Yesterday I found an old college friend's Linkedin profile. My formerly flighty chum - who I'll call Stacey - is doing amazingly well. She has a law degree from a prestigious university, speaks five languages, and has held high-profile positions in major cities all over the world.
I hovered my mouse over the "connect" button, then changed my mind. My own accomplishments seem so skimpy by comparison. But what neither of our profiles show is whether we have kids or not. I'm not sure, but based on Stacey's globetrotting mobility alone, I'm assuming she must be childfree.
I may have been influenced by the Time Magazine article I'd read just hours earlier at the pediatrician's office, "The Childfree Life - When having it all means not having children." I was waiting for my daughter to emerge from her annual physical exam (parents of teens stay in the reception area) surrounded by little kids banging on vintage typewriters and building towers of blocks at my feet. Hmm, I mused, reaching for the magazine, it's amazing how quickly one loses one's tolerance for preschoolers.
The Time article was fascinating. These days, roughly 20% of American women aged 40-44 don't have children, compared to only 10% in 1976. The main reason for this growth isn't fertility problems or lack of male partners; it's because more women are choosing not to become mothers. Time reports half of the women aged 40-44 who don't have children want it that way.
Why do women choose not to have kids? Watch out, because that's considered to be a presumptive and rude question. No one asks us mothers why we decided to have children. It's assumed that our biological urge to procreate is so irresistible and necessary, we'd never elect otherwise. But let's face it, up until the last few decades women haven't had much say in the matter. If we had sex, we generally got knocked up.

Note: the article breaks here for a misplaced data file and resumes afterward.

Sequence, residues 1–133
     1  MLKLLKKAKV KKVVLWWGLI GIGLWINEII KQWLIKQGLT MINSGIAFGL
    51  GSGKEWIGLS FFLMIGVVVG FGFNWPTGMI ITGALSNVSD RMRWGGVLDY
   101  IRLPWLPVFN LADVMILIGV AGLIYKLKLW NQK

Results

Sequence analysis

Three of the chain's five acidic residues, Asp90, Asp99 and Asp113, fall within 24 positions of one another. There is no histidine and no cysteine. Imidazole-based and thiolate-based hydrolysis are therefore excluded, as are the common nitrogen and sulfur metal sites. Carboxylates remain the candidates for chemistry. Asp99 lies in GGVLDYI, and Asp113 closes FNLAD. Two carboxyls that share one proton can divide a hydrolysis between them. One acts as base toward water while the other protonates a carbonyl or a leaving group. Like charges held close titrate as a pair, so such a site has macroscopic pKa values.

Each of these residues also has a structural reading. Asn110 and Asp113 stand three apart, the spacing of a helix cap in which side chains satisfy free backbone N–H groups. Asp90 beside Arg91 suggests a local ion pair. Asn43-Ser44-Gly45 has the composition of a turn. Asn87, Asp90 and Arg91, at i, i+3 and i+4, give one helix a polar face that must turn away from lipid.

But due to birth control (hooray!) women today do have a choice about motherhood, and it's becoming more common for some (especially women who are highly educated, affluent and white) to say "no thanks." The economics of parenthood are daunting enough. The estimated cost to raise a child today to age 18 is a whopping $235,000. But the choice is not just a financial decision. Women who choose to be childfree don't feel they're making a sacrifice or missing out on anything by not having babies. They're simply enjoying their lives - building their careers, traveling exotic locales, having luxuriously long sessions of uninterrupted sex, and reading lots of books with big words.
I bet that's what Stacey is doing right now in Paris or Prague or Tokyo or wherever she's jetting off to next.
Would I exchange my two wonderful children for the glamor and excitement I'm imagining for Stacey? Of course not. But the appeal of a childfree life? I get why some women choose it.
"You should put a picture of me on your LinkedIn profile," said my son Nick, when I grumbled about the 10-year gap in my resume. "Show people what you've accomplished." Aw. That he'd even consider himself my accomplishment is gratifying to the max.
Nick will be back to college in a couple weeks, leaving Emma as my only child at home - and she's so grown up she doesn't even need me go into the doctor's examining room with her anymore. You know what? In a couple years, I'll be childfree myself. I can still have that life of international intrigue! But for now, while they're here, I'm gonna enjoy my kids. And try not to nag them so much.